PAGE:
I was pounding on Gunnar’s shoulders, frantically demanding to be released. And I was almost overcome by the smell of wine and rolled tobacco on Gunnar’s breath. Finally focusing myself on the reserves of strength for which I was known, I pushed Gunnar away with such force that he staggered backwards and landed on his posterior. “Odin be damned!” Gunnar muttered under his breath, as he sat on the floor looking slightly stunned and trying to resist the temptation to rub his sore backside. “How is it a woman can have such invincible strength?”

“Ah, just a little trick I learned during the lean years when I was forced to fend for myself,” I explained. “I apologize if I hurt you, but I cannot excuse your behavior.”

Gunnar lifted himself off the floor, and for the second time that evening, he dusted off his clothing as he glared at me again, obviously provoked beyond all measure. “Are you refusing my proposal of marriage?” Gunnar asked indignantly, with arms akimbo and now somewhat distracted from more prosaic promptings.

“I have not yet given you an answer regarding your proposal of marriage,” I replied with coldness. “But I will not be forced to do anything against my will. I will think about it for another day or two, and my father will inform you of my decision.” I turned and walked away from Gunnar, this time without incident.

Gunnar stood in the hallway alone for a long time after my departure. Leaning against the wall, he muttered a few curses. The King of the Nibelungs was chastened by the force of my will and ashamed to have been so easily subdued by my physical strength. Even more disconcerting, he was still mightily pestered by physical desire, and he had to suppress the urge to run after me and ravish me in the darkened hallways of the castle. Gunnar stood still and took several deep breaths, closing his eyes tightly as he pressed his face against the cold marble wall. When the danger of embarrassing himself had passed, my vexed suitor returned to his chambers.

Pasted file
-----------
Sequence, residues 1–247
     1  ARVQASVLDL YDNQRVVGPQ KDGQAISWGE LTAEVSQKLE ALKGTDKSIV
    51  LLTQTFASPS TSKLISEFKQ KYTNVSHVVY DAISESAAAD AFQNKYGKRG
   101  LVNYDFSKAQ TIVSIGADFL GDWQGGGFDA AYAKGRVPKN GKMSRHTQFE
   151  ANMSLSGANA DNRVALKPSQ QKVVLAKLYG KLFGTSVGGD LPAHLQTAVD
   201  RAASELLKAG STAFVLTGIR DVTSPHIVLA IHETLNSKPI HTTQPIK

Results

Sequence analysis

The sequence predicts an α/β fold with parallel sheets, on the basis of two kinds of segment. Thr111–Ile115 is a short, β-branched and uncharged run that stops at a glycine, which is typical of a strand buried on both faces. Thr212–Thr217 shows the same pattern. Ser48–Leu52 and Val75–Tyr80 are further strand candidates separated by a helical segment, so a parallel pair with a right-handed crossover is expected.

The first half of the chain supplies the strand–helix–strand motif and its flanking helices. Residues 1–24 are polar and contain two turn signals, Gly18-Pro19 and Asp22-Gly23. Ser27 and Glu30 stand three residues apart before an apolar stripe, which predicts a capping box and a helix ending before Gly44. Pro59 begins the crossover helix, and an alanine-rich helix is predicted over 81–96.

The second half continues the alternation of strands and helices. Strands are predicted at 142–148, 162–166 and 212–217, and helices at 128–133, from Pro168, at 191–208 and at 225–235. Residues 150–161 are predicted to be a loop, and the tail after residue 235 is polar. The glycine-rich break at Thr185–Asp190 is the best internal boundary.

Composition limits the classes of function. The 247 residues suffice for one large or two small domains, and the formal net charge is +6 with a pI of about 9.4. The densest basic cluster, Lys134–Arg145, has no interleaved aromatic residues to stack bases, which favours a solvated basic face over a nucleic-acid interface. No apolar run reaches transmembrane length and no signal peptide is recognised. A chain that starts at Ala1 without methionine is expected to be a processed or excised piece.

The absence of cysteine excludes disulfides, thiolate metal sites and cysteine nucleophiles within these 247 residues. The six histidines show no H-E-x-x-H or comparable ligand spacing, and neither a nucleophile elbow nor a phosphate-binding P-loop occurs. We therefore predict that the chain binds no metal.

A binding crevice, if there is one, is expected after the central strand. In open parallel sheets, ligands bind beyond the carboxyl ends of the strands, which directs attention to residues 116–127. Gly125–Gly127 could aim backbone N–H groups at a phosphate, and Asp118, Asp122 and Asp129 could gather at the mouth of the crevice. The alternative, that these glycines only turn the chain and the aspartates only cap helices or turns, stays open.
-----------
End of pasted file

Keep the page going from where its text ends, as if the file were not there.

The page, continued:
The next morning, I awoke with a clear sense of purpose. I knew what had to be done. I had to accept Gunnar’s proposal of marriage, for Odin himself had indicated as much. As for my wifely obligations in the bedroom, I would procrastinate for as long as I possibly could until I felt both psychologically and emotionally prepared to face this distasteful task. I visited my father in his chambers as he was breakfasting and poring over documents in the form of scrolls. Budli was delighted with my decision, and he was enormously relieved. My kindly father could not think of a more felicitous resolution for my state of solitude, even though I had assured him I was perfectly content to dwell in his castle for the rest of my days. Budli promised to call a public meeting that very morning to announce the good news to Gunnar and his entourage.

After breakfast, and after my father had received his advisers to discuss the business of the day, Gunnar and his brothers, as well as Sigurd, were summoned into the throne room to hear my father’s proclamation. Gunnar, who arrived looking rather peaked and a little tense, broke into a radiant smile and laughed triumphantly when he heard my father’s words. His brothers emitted cries of triumph while embracing the now betrothed king and congratulating him. Sigurd gasped at the news of my acceptance of Gunnar’s proposal, but he recovered himself and took his turn at embracing his brother-in-law. I watched unobserved from the room behind the thrones, peaking out through a crack in the curtains. The king silenced the assembly and called Gunnar and his men back to order, because the details of the wedding ceremony had to be discussed. It was all going to happen very quickly, since it would not be appropriate for me to travel unattended with Gunnar and his men unless we were already married, and I did not wish to be attended by my lady-in-waiting. The wedding would take place the following day in my father’s castle. A few days after the nuptials, Gunnar and I would embark for Nibelungenland, where I would assume the throne as Queen of the Nibelungs.